Exploring the world of fiber, one draft at a time

My posting can be as frequent or infrequent as my spinning, so be as patient as that fiber, sitting in my stash.

Wednesday, July 08, 2009

Blending fibers with carders

Episode 34 of the YST podcast is posted and is available here or at ITunes by searching for Yarnspinners Tales. In this podcast I talk about what I've been doing a lot of lately, carding fibers for blending. I usually use a drum carder, but in the podcast I talk about both hand cards and the drum carder, comparing some of the pros and cons of each. The first section is very good for anyone that is not familiar with carding, as I cover many of the basics. The second section goes into more details about actually blending, either different fibers or different colors.

Early this spring in a dire need for color, I dyed white Maine Island washed fleece a yellow and orange, in two tones, deep and light. I had done just a sample batt of the dyed fiber and had decided to go ahead and do all the carding as a basic yellow with highlights of orange in the batts. And since these color contrast so well, I decided to use them as the example for carding in the podcast.

Most of the batts look like this:

The difference of when more orange is showing is often just a factor of how the batt is rolled. It could look yellow on one side and more orange on the other. I admit I did not really follow any set ratio for the colors, I was just adding orange to the batts as I thought they needed it. I wanted my yarn to spin with as much variation as possible.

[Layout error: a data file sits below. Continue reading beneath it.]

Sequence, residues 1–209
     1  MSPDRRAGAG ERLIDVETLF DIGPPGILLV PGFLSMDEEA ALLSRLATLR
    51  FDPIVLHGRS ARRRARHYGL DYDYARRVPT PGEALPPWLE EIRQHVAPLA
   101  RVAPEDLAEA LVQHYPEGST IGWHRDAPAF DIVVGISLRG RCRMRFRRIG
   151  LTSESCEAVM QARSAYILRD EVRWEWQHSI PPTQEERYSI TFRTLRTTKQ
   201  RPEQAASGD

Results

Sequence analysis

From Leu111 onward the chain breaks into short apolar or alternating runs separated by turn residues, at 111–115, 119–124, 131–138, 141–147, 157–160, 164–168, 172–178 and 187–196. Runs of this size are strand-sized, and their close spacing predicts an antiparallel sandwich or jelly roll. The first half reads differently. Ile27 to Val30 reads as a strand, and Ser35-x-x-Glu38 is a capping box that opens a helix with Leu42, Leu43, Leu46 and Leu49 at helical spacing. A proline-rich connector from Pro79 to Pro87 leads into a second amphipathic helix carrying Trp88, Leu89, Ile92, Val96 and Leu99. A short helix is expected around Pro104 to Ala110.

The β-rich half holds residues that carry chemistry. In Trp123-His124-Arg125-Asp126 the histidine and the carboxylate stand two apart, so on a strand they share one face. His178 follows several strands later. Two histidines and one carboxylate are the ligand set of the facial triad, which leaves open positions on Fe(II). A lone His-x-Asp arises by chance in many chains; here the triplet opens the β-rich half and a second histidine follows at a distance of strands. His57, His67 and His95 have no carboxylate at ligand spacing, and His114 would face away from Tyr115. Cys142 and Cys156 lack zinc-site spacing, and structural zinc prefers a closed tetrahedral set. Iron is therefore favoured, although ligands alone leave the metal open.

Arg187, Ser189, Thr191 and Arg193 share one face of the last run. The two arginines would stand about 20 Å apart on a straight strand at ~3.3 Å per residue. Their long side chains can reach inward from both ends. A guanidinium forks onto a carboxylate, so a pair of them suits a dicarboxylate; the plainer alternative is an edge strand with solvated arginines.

I ended up with a lot of orange left over, and in a snap judgement from a dive into the fiber stash, I thought the orange might look interesting with this left over bit of brown shetland fiber.
It ended up looking way more 'halloween' than it shows in this photo!
Both fibers were very nubby. The Maine Island was that way to start, and the shetland was waste from combing. Although the shetland is much softer than the other fiber, I doubt I will use this in anything but a felted item, probably a purse. I plan to spin all of the batts and then see is I can come up with a striping felted purse pattern.
I had set aside some straight yellow and orange fiber to spin as a sample, and after seeing the purity of the color, I wish I had saved more!

But the carding is done now, and the yarn is spinning up to look like this:

I think the knitting is going to be very nice and tweedy, but in a very bright way.
I also discuss using the carders for just blending fibers, although in many ways the basics of blending are the same, whether you are mixing colors or fibers. Anyone who has a carder and has played with blends knows the possibilities are endless, and that you could give a room full of spinners the same colors to blend and have as many varieties of batts as you have spinners. That is what is so wonderful about the process, each is truly a work of originality.

1 comment:

Jody said...

I just bought a Fancicard this April and have been using it to make natural coloured alpaca blends. It's very addicting (just like chocolate) but without the calories!